So the unicorn Con presents here is definitely extraordinary. Does this mean we should automatically discredit Con for being a crazed fairy tale realist? Perhaps, but what if Con shows us evidence for his claim? The evidence would have to suit the claim, i.e. we need to see some foot prints, fairy dust, unicorn droppings, or other things to indicate the story to be true.

First I think we need to understand something about evidence. There are facts, and then interpretation of facts. These interpretations, when compiled together, can often provide strong or weak probabilities for objective realities and so give us “evidence.” Even if we can’t put an exact number on the percentage of probability, we can still have a sense of strong and weak. Now if I can prove that God can even possibly exist then I have defeated Con’s truth claim behind his resolution of “God does not exist.” If this is not your resolution please let me know.

So God existing is an extraordinary claim, so is their extraordinary evidence? Like I said before the evidence has to suit the claim, so in claiming “God exists” we need to look for evidence pertaining to origins of the universe, the meaning of existence, the meaning of man, qualities of design, objective morals and duties, and last but not least, why is there anything at all instead of nothing? These are not the only things we need evidence for, but are some of the most common topics, and as I stated before, there need be only a possibility of God to disprove the absolute claim of “God does not exist.”

Here is a list of some of these evidences used in modern Apologetics.
1. Cosmological Argument (origin of the universe)
2. Contingency Argument (why anything exists in stead of nothing)
3. Moral Argument (The presence of objective moral values and duties)
4. Teleological Argument (Fine-tuning or design argument)
5. Ontological Argument (Possible world rebuttal)
6. The argument for Christ and his resurrection (Historicity of the OT and NT scripture, and how it helps us in understanding the meaning of man)
(Some referenced from an essay from the Campus Crusade Initiative)

That was a list of “extraordinary” evidence for the existence of God. So to say there is a complete absence of evidence is false, but I will accept the position of not believing these evidences to be valid. If so I’ll be glad to hear your reasons, but to say there is an absence of evidence is wrong. Also this entire concept is a logical fallacy of “an appeal to ignorance.” This is more commonly called “absence of evidence is not evidence of absence.”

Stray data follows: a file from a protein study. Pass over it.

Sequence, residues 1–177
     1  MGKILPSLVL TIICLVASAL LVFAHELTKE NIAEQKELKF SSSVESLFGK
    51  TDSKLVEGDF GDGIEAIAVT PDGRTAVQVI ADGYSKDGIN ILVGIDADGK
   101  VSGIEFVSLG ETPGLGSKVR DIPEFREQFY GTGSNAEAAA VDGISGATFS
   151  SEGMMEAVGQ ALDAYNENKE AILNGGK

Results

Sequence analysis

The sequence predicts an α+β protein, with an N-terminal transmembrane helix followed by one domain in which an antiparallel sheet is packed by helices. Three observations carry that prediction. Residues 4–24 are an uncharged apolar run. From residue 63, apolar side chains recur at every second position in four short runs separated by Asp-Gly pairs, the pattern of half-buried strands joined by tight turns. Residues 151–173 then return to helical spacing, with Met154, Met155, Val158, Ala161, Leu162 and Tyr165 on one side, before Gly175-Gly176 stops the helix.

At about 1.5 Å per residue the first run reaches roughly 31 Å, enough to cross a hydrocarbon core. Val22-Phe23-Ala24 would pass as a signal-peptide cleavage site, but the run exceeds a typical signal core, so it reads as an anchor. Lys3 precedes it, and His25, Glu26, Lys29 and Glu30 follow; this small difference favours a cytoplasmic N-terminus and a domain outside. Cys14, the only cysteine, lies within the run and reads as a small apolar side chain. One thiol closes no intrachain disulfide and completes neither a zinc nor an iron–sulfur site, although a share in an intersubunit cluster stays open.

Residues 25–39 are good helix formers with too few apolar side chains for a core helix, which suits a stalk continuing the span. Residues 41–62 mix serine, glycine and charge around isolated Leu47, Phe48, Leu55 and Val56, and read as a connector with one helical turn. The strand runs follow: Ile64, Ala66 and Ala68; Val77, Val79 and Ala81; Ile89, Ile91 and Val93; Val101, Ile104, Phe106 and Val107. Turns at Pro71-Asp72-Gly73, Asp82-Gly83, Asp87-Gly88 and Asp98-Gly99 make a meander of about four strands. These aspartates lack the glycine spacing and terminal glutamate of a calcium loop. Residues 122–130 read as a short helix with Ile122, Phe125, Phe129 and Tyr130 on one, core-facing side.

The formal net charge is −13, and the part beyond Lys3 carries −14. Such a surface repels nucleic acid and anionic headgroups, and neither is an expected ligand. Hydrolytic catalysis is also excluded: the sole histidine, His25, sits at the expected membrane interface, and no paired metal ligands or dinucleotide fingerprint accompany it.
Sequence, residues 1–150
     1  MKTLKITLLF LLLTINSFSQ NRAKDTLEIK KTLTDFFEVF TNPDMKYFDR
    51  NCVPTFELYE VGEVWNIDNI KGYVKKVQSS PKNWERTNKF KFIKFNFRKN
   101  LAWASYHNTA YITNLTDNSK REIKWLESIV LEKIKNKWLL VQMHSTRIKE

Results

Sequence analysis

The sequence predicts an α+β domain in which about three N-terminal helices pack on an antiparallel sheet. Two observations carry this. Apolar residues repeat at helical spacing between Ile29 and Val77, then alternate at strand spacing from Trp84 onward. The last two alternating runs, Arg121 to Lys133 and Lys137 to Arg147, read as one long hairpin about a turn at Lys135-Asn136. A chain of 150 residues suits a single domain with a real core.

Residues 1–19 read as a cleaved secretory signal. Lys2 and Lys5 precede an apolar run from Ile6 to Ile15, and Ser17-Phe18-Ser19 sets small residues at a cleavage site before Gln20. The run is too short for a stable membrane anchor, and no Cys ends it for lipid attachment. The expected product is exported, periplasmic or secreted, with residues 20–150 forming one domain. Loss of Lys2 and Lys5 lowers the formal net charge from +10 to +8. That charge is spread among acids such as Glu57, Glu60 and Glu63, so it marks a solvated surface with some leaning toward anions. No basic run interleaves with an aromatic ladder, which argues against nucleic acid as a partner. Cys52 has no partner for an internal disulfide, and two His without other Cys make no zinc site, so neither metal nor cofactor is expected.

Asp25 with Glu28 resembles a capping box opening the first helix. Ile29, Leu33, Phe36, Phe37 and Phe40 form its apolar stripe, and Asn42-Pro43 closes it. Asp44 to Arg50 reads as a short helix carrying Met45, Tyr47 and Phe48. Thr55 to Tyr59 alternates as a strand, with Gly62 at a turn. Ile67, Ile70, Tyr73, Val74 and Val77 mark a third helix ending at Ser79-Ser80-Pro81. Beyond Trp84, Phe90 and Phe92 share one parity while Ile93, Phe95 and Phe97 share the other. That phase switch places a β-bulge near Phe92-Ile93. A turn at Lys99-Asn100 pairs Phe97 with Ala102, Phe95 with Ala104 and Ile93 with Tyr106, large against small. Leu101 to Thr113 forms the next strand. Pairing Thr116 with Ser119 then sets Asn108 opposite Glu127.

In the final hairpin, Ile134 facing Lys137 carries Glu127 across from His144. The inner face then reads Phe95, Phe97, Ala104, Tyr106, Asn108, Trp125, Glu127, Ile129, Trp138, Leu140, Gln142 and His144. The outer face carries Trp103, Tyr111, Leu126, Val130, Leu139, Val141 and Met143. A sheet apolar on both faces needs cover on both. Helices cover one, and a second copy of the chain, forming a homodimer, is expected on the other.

Con doesn't use this argument of no evidence to support his truth claim "God does not exist," and turns to a set of arguments that try to show how God cannot exist because of his own attributes.

The Argument of Incoherent Attributes

Premise 1: Any being with contradictory properties cannot exist.

- I would like to point out that for this premise to be true Con would have to be asserting properties of the same parameters. In his example of the invisible pink unicorn being a contradiction because it being invisible and pink is presupposing “invisibility”, and “pink” to be perceived in the same parameters. Maybe the unicorn can only be seen by an entity that can perceive the entire spectrum of light and in being able to do so see’s the unicorn as pink. So the unicorn is still invisible to some, but pink to others. Now if we add to the argument set parameters we get a true contradiction: The invisible pink unicorn is real to all humans with sight obtained through the brains interpretation of light, and who are not considered to be color blind. Obviously in these parameters the unicorn is now in contradiction with itself and so thus does not actually exist.

- The point I’m making here is that “Attributes” can be subjective, and they can also be objective when considering set parameters.

Premise 2: God is a being with contradictory properties.

- This is the main premise I will be attacking. All of Con’s arguments based on incoherent attributes are based on God being omniscient. The problem is that Con does not have the correct definition for omniscient. Since this word is the cornerstone of his arguments, I think we should have the proper definition.

        • Omniscient:
          • S is omniscient =for every proposition p, if p is true then S knows p. (Stanford Encyclopedia of Philosophy)
          • So God knows only and all true propositions!
          • Since there are constantly new true propositions, God’s knowledge is constantly changing as he acquires new beliefs.

- So God does have the experiential knowledge of learning, even though experiential knowledge is not a requirement of being omniscient. Only propositional knowledge is required to be omniscient.

- So one could object here that God already knew what was going to happen, so he didn’t actually learn anything new.

      • The answer is that God has learned, or come to believe in a new truth. The truth here is the tensed version of the proposition. Take for example the fact that I’m a Paramedic. At one time I was not a Paramedic because I had not yet been licensed. At that time God knew the true proposition “I am not a Paramedic.” He also knew that I eventually would be a Paramedic, but he did not know the proposition that “I am a Paramedic” because at that time I wasn’t. So as time progresses new propositions become true, and therefore God learns knew propositions. (Omniscience, Tensed Facts, and Divine Eternity by Dr. William Lane Craig)


Conclusion: Therefore, God does not exist.